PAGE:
Voyager 1's incredible journey continues after NASA patches code in 46-year-old chip from a distance of 15 billion miles

In a stellar display of problem-solving, NASA has restored contact with the legendary Voyager 1 probe after five months of radio silence. The 46-year-old spacecraft went dark last November when a key computer chip failed, garbling the engineering data it beams across 15 billion miles of space.

Rather than accept defeat, mission engineers devised an audacious workaround — rewriting the corrupted software from scratch and relocating it piecemeal into unaffected areas of the probe's computer memory.

From NASA's press release:

The team started by singling out the code responsible for packaging the spacecraft's engineering data. They sent it to its new location in the FDS memory on April 18. A radio signal takes about 22 ½ hours to reach Voyager 1, which is over 15 billion miles (24 billion kilometers) from Earth, and another 22 ½ hours for a signal to come back to Earth. When the mission flight team heard back from the spacecraft on April 20, they saw that the modification worked: For the first time in five months, they have been able to check the health and status of the spacecraft.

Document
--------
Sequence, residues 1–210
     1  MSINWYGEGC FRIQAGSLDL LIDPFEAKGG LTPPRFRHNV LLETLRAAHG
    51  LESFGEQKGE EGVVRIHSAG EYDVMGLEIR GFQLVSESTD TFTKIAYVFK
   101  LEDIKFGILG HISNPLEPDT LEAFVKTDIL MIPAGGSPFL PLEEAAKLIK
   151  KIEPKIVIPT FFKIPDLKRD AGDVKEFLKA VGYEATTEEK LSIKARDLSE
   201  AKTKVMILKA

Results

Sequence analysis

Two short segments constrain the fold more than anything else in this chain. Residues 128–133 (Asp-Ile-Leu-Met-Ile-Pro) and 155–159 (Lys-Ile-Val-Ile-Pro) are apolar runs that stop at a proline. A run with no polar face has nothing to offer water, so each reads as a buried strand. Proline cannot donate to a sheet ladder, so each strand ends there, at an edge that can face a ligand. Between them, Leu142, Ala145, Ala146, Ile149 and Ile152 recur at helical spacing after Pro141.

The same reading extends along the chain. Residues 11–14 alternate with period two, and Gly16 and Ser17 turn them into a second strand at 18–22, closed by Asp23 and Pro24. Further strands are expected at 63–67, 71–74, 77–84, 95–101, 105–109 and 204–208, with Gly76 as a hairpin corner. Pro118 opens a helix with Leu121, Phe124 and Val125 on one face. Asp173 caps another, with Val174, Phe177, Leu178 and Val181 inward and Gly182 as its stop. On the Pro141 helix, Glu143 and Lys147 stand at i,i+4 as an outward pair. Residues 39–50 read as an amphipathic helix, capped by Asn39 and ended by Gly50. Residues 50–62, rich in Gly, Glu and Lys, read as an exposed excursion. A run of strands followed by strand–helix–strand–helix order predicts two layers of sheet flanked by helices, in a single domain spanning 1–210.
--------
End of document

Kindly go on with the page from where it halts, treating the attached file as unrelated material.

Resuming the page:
Over the next few weeks, NASA's engineers will undertake the same process for the portions that transmit science data.

Previously: How NASA hopes they can keep the Voyager probes alive until their 50th anniversary